Interesting lecture and subsequent discussion. But I have two questions unrelated to that, however.1.) Out of curiosity, Lord Keynes, have you ever made any attempt at corresponding with Steve Keen?2.) Have you read any of these articles before?http://papers.ssrn.com/sol3/papers.cfm?abstract_id=1632318http://papers.ssrn.com/sol3/papers.cfm?abstract_id=1546726http://papers.ssrn.com/sol3/papers.cfm?abstract_id=1618445
Thanks for the links,(1) No, I've not had any contact with Keen.(2) I've not seen these papers, but they look, as usual, worth reading.
Oh, don't mention it. They are indeed worth reading.
Lord Keynes, Christmas is coming up, and this is when I do a good amount of bulk buying of books I need (its a present to myself!!)Even though I consider myself an Austrian, I enjoy reading books from different schools of thought. Aside from Keynes GT, what are the top 3 Post Keynesian books you would recommend to someone? (I posted this in here because I assume one of them has to be something of Keen's)In terms of Post Keynesian (I've read Paul Krugman, but he doesn't count), the only book I've read is Keynes the Man. Got any other suggestions? Thanks,Patch
(1) Steve Keen, Debunking Economics. (2nd edn).(2) Paul Davidson, The Keynes solution: the path to global economic prosperity, 2009 (3) Paul Davidson, Financial markets, money, and the real world, 2002.(2) is a general book, so if you want something more advanced, replace it with one of the Post Keynesian textbooks:Davidson, Paul. 2011. Post Keynesian Macroeconomic Theory: Foundation for Successful Economic Policies for the Twenty-First Century (2nd edn), Edward Elgar Publishing, Cheltenham.Lavoie, Marc. 1992. Foundations of Post-Keynesian Economic Analysis, Edward Elgar Publishing, Aldershot, UK.Palley, Thomas I. 1996. Post Keynesian Economics: Debt, Distribution, and the Macro Economy, St. Martin’s Press, New York.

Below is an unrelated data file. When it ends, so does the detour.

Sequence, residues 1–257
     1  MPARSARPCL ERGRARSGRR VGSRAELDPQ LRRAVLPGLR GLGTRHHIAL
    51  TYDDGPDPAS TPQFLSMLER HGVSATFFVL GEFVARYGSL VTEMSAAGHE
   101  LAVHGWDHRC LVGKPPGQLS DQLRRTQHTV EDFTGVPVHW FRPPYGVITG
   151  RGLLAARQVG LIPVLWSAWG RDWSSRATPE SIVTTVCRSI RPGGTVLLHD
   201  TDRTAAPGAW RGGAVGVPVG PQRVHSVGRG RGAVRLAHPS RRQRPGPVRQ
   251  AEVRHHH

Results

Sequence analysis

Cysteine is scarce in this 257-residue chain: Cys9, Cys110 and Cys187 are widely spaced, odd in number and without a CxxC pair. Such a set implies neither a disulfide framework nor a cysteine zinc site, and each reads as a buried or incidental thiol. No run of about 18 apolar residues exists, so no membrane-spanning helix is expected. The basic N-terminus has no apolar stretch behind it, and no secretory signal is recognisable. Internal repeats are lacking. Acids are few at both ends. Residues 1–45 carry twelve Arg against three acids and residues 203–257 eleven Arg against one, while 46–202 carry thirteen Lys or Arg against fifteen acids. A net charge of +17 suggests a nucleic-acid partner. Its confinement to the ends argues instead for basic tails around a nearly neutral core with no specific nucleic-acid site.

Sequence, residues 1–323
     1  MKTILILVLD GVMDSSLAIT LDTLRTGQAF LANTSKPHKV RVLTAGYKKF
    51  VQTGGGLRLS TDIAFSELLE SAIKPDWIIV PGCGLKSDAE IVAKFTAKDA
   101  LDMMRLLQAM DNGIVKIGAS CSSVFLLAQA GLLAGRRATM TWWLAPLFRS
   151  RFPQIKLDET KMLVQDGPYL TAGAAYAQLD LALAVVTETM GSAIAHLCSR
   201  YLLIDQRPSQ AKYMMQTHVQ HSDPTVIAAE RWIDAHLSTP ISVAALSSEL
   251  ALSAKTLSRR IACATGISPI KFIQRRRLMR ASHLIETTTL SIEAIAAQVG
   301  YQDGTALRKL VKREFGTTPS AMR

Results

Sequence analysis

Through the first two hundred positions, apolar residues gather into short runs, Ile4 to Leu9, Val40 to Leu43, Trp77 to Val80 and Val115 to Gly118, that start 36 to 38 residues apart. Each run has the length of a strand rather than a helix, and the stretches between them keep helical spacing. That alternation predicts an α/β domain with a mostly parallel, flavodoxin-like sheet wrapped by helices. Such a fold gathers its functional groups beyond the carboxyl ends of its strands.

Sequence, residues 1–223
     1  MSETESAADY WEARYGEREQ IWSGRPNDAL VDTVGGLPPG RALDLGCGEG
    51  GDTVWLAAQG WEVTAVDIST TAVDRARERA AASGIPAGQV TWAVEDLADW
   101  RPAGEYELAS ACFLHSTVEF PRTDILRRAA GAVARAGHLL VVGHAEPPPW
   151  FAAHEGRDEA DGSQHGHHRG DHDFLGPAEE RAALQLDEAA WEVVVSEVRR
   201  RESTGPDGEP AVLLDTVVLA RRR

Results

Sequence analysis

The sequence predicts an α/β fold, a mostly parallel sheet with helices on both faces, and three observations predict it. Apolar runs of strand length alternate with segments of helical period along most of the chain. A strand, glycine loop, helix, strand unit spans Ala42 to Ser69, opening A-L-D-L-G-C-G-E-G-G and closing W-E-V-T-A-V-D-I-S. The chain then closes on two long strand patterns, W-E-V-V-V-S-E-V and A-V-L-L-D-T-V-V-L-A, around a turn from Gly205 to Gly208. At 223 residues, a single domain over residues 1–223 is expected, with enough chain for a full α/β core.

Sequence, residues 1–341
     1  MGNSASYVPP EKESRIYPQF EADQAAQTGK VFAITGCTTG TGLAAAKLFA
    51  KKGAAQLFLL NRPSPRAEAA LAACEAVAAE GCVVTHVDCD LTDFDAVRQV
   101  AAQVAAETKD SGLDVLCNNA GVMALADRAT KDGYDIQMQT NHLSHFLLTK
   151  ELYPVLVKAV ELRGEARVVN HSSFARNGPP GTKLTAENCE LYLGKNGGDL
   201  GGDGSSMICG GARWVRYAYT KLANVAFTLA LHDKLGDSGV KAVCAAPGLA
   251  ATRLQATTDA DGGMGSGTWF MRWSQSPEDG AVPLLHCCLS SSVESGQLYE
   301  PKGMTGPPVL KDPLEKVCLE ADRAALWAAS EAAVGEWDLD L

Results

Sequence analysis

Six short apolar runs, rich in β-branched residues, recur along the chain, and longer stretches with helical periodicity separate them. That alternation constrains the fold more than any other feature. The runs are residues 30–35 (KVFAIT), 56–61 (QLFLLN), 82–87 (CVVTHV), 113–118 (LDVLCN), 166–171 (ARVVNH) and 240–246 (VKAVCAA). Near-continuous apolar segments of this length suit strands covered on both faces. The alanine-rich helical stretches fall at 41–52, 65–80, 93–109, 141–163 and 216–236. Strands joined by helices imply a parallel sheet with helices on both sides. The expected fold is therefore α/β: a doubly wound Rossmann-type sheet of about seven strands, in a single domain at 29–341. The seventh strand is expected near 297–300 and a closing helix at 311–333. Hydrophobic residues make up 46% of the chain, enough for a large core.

Speaking of reading books...Lord Keynes, have you read anything by the renowned economic historian Barry Eichengreen of UC Berkeley? He writes from an orthodox Keynesian perspective.
I've read a great deal of Barry Eichengreen's work.
http://janelanaweb.com/trends/david-graeber-the-american-empire-collapse-is-effectively-being-negotiated-both-internationally-and-within/Here's an interesting interview with David Graeber on the origins and nature of money, and his theory of its cyclical change from metallism to credit money.If I understand Randall Wray correctly, MMT holds that money is 'always' debt, and thus in some sense always virtual. I'd like to hear your comments on this, and if possible any thoughts on Debt: the First 5000 Years.
Jan said: Thanks Lord Keynes,for keep an old economist up to date.
Jan,You are most welcome.You are an economist? Do you have any published writings?Regards
Jan said: Thank you Lord Keynes,I just read this post today.So excuse my delay!Yes i am in the branch economic sociology and i published but sadly most in swedish.I would not pain you with our old terrible langauge. But i work in the field of comparative cycles, buissnes and trade.My best regard to a wonderful site.Jan in Sweden